“The world has changed,” U.S. Sen. Tom Carper said at the ribbon-cutting. “We have to be nimble to change as well. This building is the face of that change.”
That change is stamped by the past. The innovation space occupies two buildings in the DuPont Experimental Station, donated by the company in 2017. Some of the laid-off DuPont workers found a new home at the innovation space, which owns building 500 at the Experimental Station and leases a nearby building.
They include Chris Junk, a chemist who became one of the founding members of the Science, Technology and Research Institute of Delaware, or STRIDE, a consultancy that was one of the innovation space’s first tenants. Junk says being unexpectedly thrust back out into the job market turned him and his cohort into unlikely entrepreneurs.
The innovation space houses nine early-stage companies and three anchor tenants that employ 235 people with an average salary of more than $100,000. Each partner — DuPont, the University of Delaware and the state of Delaware — gets something different out of the collaboration.
Charles Riordan, vice president for research, scholarship and innovation at UD, said during a panel discussion that the innovation space helps the university offer hands-on research options to students and recruit faculty who want to commercialize their work.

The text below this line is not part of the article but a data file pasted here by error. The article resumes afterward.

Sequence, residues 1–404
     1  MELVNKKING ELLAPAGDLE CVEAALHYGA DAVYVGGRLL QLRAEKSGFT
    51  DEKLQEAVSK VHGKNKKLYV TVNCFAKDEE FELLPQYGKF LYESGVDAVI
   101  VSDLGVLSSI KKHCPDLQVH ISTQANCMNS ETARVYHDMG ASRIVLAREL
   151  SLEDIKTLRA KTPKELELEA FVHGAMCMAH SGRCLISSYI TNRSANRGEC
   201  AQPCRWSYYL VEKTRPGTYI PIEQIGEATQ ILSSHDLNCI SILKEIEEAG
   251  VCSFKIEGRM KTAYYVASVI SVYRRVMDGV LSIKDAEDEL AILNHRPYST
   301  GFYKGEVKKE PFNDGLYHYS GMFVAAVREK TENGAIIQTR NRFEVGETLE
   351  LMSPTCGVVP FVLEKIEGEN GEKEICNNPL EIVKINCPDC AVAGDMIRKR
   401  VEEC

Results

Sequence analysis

Still, the innovation space starts at a disadvantage compared with competitors in Boston and Silicon Valley. Kris Vaddi, a research scientist and former vice president of a successful pharmaceutical company called Incyte, said investors sometimes aren’t keen on his choice of headquarters.
“They try to convince me to move to Boston,” he said on a panel. But Delaware has the elements of successful biotech companies, he added. “Thankfully, we have Incyte as a model.”
Vaddi and other entrepreneurs agreed that finding affordable lab space is an important factor in deciding where to locate. The capital project aims to help even the smallest ventures find their place.
Pod labs to be first stop
The $6 million capital project included the creation of seven 150-square-foot labs. Each pod, which costs $2,500 a month to rent, has a vent hood, counter space and piped-in gases.